The Pixel 7A raises the bar for the Pixel 8

We didn’t hear about the Pixel 8 at Google I/O, but the company did launch the Pixel 7A — a more wallet-friendly alternative to the Pixel 7. That’s great news for Pixel fans, since the 7A offers many of the same benefits as the Pixel 7 — like its great camera and Tensor G2 processor. New – for $100 less. But it also makes me wonder if Google’s A-series phones are starting to overshadow the flagship Pixels.

Now that Google has narrowed the gap between the Pixel 7 and 7A, you should think carefully about its target audience for the Pixel 8. If the Pixel 7A is for those who want a basic Pixel experience without compromising on performance and camera quality, and the Pixel 7 Pro is for photography enthusiasts Photographer, so who is the Pixel 7? That’s the question I’m hoping Google will answer with the Pixel 8, along with some other routine improvements to software support and battery life.

Google usually releases new Pixel phones in the fall, so we expect to know more about the Pixel 8 in a few months.

The Pixel 8 needs to stand out from the next A-series phones from Google

With the Pixel 8, Google needs to do more to highlight its upcoming Pixel flagship. The $499 Pixel 7A already has many of the features most people look for in a new phone, like a great camera, smooth performance, easy-to-use software, and decent battery life.

The main differences between the Pixel 7 and 7A are due to the previous’s more durable design, larger screen, and battery sharing. This last feature allows you to charge compatible accessories by placing them on the back of the phone, essentially turning it into a wireless charger. The Pixel 7 also has a larger camera sensor that’s more sensitive to light according to Google, but I didn’t notice much improvement when comparing photos from both phones.

The Pixel 7 and Pixel 7A both feel like they’re targeting the same audience: Android fans who want a general-purpose phone with a great camera and a reasonably sized screen. The Pixel 7 Pro stands out for its larger screen, additional telephoto camera, and macro photography. It also comes with a 512GB storage option, unlike the Pixel 7, and has a higher 120Hz refresh rate screen for smoother scrolling. Case in point: There are a lot of factors that differentiate the Pixel 7 Pro from the Pixel 7, but not as many factors that differentiate the Pixel 7 from the 7A.

Moving forward, there are some changes Google can make to fix this. Perhaps the Pixel 8’s screen size could be increased slightly to 6.4 inches instead of 6.3 inches. This will put more space between the future Pixel 8 and Pixel 8A’s screen, assuming Google keeps the same 6.1-inch screen size for the upcoming A-series phones.

Google could also give the Pixel 8 a speed boost when it comes to charging, since the Pixel 7 and Pixel 7A offer similar charging speeds (up to 18W on the Pixel 7A versus 21W on the Pixel 7). Increasing the charging speed to create more of a gap between the Pixel 8 and Pixel 8A could make the Pixel 8 buying case a bit stronger. Increasing the Pixel 8’s base storage to 256GB, like Samsung did with the Galaxy S23 Plus, along with offering an additional 512GB storage option could set the Pixel 8 apart from the future Pixel 8A.

These changes along with the existing differences between the Pixel 7 and 7A could certainly make the Pixel 8 look like a compelling option over upcoming budget Pixel phones. Of course, this assumes Google maintains its current strategy of releasing Pro phones and new flagships in the fall and a cheaper A-series phone in the spring or summer.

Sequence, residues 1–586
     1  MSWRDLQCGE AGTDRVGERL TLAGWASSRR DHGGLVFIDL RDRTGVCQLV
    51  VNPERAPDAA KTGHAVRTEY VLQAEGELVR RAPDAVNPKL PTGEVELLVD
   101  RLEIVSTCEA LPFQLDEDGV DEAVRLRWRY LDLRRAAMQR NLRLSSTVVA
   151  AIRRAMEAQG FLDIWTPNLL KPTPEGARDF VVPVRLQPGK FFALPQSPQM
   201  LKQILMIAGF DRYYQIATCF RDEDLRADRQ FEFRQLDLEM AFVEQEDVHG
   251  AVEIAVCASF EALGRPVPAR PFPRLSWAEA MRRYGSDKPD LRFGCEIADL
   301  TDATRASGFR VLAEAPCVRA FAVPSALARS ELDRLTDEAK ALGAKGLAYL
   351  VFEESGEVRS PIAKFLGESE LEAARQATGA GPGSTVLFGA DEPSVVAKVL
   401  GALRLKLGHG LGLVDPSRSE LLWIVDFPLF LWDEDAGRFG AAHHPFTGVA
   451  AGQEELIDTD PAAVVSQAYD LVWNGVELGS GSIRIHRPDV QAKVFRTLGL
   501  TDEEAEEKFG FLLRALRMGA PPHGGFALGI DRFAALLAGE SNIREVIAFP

Extended Android version support

Software is a big part of what makes Pixel phones so attractive, from the call-assist features in the Phone app to Google’s clutter-free version of Android. However, the problem is that Google generally offers Android version updates only for three years after the release of the Pixel phone.

Although they provide security support and other updates beyond this point, Google lags behind Samsung and Apple when it comes to OS version support. Samsung usually delivers up to four generations of Android system updates on new phones, while Apple’s latest software is compatible with older iPhones like the iPhone X and iPhone 8, which were launched in 2017.

If Google can match Samsung’s four years, or exceed five, that will make the Pixel line more competitive.

Longer battery life

Battery life can never feel long enough, which is why I’m hoping to see some improvements in the Pixel 8. The Pixel 7’s battery life was long enough to get me through a full work day and then some improvements in my experience. But I do want to pack a charger if I’m anticipating a particularly long day.

The Pixel 7A also performed better than the Pixel 7 on CNET’s three-hour battery test, during which I streamed a YouTube video at full brightness and tracked the battery percentage in each hour. It would be nice to see Google make some improvements in this regard on the Pixel 8.

Pixel 7A vs. Pixel 7 battery test

pixel 7a

Pixel 7

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We won’t know what to expect from the Pixel 8 until Google announces its new phones, which will likely happen in the fall. The camera has been a focal point for Google’s Pixel series, so I expect to see some developments in this area, along with a new version of the Tensor processor in the Pixel 8. If Google makes these changes with longer battery life, additional Android support and more exclusive features That sets the Pixel 8 apart from the A-series phones, Google’s next $600 phone could be a hit.

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